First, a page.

This post was inspired by two articles that I read in the February 2011 issue of Day Spa magazine (unfortunately I cannot find the articles online). Not surprisingly since the issue of the magazine was for February both wine and chocolate were featured in the articles.
Hippocrates wrote that we should let food be our medicine. More than 2,000 years later, scientists now believe this wisdom extends to what we see in the mirror. Increasingly, women can treat fine lines, sunburn, dullness, and splotches with ingredients usually found on our plates. “Dietary substances known to be good for the complexion are sometimes better applied topically than ingested,” says David H. McDaniel, director for the Institute of Anti-Aging Research and an assistant professor of clinical dermatology and plastic surgery at Eastern Virginia Medical School. “You can get higher concentrations in the skin this way.” Unfortunately, it’s not as simple as adding a little pureed pineapple to a scrub because it’s been shown to even skin tone, or pomegranate because it’s a potent antioxidant. “Effectiveness is not based in the ingredient alone—extracts must be specially formulated so that they get into the skin,” says Leslie Baumann, director of the University of Miami Cosmetic Medicine and Research Institute.
So let me highlight a few fruits and vegetables and explain their benefits:
Grape seed based products and treatments are anti-aging powerhouses because of the antioxidants and polyphenols in grapes. According to the article in Day Spa magazine: “chemical compounds belonging to a group of substances found in plants, polyphenols include tannins, lignins, resveratol and flavonoids. Rich in antioxidants, they’ve also been found to contain similar properties to some anticancer drugs. When applied topically, they act as free radical scavengers, defending the skin, promoting tissue elasticity and ultimately achieving a more youthful appearance.” Not only can you find numerous skincare products with grape or wine extracts amongst their ingredients many spas offer vinotherapy or spa treatments utilizing wine and/or grapes. This spa niche was pioneered in Bordeaux, France (where else, of course?) at the Caudalie spa which opened in 1993. Find grape seed in Eminence Organic Skin care products, and Murad products among many others.
Chocolate: I have a confession to make – I love chocolate; I eat it every day actually. So it makes perfect sense to me to buy a skincare product with chocolate in it or get a spa treatment that utilizes chocolate. So what benefits does chocolate have for our skin? According to the article in Day Spa magazine: “the antioxidant-rich seeds of the cacao tree work wonders on the senses, and tighten, firm, and hydrate the dermis.” All antioxidants fight free radical damage, reduce skin inflammation, and are soothing for the skin. If you can get all those benefits from chocolate what could be more wonderful? Try it in Rhonda Allison chocolate antioxidant mask, and Biotone cocoa comfort massage lotion among other products.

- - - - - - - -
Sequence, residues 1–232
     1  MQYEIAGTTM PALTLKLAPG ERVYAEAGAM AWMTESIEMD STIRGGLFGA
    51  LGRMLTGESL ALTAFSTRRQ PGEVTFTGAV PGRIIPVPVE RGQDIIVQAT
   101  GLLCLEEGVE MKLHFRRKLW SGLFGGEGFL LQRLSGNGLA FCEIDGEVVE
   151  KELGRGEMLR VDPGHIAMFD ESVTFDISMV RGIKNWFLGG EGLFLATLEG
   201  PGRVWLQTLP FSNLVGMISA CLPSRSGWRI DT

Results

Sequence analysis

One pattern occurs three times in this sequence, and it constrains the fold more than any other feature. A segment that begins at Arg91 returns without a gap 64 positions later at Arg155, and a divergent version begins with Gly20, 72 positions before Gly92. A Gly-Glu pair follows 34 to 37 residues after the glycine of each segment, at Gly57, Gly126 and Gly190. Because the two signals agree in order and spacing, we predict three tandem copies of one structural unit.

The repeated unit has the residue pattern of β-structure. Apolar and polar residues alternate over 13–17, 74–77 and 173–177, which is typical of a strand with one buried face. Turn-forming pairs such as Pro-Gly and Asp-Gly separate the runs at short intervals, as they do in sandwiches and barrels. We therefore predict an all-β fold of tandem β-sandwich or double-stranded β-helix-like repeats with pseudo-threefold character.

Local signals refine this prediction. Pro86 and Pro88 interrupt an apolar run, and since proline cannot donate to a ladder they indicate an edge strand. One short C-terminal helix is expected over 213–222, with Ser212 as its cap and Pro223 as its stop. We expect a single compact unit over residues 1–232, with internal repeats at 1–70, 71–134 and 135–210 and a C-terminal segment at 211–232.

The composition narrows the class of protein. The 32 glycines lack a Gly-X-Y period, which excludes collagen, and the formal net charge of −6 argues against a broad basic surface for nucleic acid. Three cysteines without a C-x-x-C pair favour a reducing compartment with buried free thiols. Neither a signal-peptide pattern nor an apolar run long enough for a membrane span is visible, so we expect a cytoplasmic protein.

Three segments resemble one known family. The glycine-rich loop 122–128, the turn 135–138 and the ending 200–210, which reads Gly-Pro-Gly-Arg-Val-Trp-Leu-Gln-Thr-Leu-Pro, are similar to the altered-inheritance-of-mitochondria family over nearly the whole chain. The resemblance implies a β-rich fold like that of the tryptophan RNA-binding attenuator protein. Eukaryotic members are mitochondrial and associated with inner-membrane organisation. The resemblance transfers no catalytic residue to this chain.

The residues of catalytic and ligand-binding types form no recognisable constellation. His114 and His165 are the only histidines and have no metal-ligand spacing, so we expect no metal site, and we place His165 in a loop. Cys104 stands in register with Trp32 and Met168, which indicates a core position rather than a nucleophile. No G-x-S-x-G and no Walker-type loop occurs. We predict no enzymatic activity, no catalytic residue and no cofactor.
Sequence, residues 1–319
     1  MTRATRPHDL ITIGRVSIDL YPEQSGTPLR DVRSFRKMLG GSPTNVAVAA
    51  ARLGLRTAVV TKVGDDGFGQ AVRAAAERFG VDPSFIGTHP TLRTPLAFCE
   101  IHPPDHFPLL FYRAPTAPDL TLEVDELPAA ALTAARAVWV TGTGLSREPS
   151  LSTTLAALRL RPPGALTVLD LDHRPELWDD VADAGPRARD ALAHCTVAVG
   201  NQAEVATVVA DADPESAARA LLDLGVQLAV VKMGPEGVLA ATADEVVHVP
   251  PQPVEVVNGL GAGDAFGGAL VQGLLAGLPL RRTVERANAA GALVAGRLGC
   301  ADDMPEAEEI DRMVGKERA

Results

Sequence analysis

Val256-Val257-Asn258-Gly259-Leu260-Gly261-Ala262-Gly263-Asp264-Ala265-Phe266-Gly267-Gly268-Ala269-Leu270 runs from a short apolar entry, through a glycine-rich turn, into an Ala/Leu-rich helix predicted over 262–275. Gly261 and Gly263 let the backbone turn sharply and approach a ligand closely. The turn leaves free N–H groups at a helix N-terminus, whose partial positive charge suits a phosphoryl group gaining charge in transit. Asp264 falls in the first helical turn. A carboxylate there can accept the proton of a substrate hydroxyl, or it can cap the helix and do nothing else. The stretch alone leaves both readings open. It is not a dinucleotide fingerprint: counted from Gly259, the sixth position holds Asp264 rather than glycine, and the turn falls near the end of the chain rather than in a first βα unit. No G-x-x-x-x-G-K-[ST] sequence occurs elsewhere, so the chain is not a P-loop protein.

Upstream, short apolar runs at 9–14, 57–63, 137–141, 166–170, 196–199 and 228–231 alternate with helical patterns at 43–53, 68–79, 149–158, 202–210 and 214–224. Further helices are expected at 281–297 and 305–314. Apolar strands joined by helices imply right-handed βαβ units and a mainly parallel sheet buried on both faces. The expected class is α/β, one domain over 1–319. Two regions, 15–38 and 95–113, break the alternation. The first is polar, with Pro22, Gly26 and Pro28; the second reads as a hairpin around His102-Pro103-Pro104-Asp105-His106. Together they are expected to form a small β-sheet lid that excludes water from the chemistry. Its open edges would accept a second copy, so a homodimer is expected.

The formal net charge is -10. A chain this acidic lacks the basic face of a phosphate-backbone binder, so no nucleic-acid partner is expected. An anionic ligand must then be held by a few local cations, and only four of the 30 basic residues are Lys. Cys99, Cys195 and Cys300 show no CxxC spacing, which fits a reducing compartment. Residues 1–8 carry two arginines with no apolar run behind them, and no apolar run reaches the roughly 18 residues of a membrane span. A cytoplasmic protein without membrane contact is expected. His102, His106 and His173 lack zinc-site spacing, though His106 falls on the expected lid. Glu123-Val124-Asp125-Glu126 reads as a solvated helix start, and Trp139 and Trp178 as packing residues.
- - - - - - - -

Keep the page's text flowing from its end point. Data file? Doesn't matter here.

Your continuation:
Oatmeal is a great ingredient for sensitive skin since it is anti-inflammatory, calms irritation, and even hydrates. Aveeno is a mass market brand that has oatmeal in its products.
Cooking oil – According to the Allure articles: “Dietary oils contain copious lipids, some of which skin cells need to remain healthy,” says Baumann. Their primary role is to restore the skin’s protective barrier, especially when it’s dry—but medical research has revealed other benefits as well. Safflower oil contains oleic and linoleic acids with anti-inflammatory properties. And olive oil has polyphenolic compounds that may protect against inflammation and may also prevent the onset of UV-induced skin cancers. PRODUCTS: Borba HD-Illuminating Hydrator, Eau Thermale Avène Trixera+ Seléctiose Emollient Cream, and Trish McEvoy Dry Skin Normalizer have safflower oil; Korres Natural Products Olive and Rye Day Cream and PerriconeMD Cosmeceuticals Protective Hydrator SPF 15 contain olive oil.”
Pumpkin is a great exfoliant since it contains enzymes that help eat away (I know not the greatest image to have in mind but it works) at dead skin cells leaving you with a smoother and softer complexion. Pumpkin also contains the antioxidants bioflanovoids and Vitamin A that protect the skin. Find it is GloTherapeutics Glopumpkin enzyme scrub.
I’ve written in the past about how great green tea is for our skin both when we drink it and when we apply it topically. See my post Ingredient Spotlight: Green Tea for lots more information.
The list above is just the tip of the iceberg when it comes to exploring how fruits, vegetables, and other foods can benefit our skin when applies topically. The Allure article highlights more foods if you are interested in continuing your reading.